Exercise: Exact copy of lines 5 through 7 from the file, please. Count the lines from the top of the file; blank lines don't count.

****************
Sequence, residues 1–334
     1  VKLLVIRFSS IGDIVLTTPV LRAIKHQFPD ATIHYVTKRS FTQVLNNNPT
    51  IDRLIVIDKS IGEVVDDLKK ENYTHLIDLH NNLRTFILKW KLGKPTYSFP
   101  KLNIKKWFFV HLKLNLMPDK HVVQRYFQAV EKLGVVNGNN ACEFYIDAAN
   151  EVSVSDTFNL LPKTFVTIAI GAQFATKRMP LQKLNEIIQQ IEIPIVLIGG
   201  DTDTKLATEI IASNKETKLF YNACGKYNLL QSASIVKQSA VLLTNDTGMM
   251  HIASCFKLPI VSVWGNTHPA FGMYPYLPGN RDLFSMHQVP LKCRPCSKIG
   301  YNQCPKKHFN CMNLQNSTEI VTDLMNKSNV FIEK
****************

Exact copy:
   151  EVSVSDTFNL LPKTFVTIAI GAQFATKRMP LQKLNEIIQQ IEIPIVLIGG
   201  DTDTKLATEI IASNKETKLF YNACGKYNLL QSASIVKQSA VLLTNDTGMM
   251  HIASCFKLPI VSVWGNTHPA FGMYPYLPGN RDLFSMHQVP LKCRPCSKIG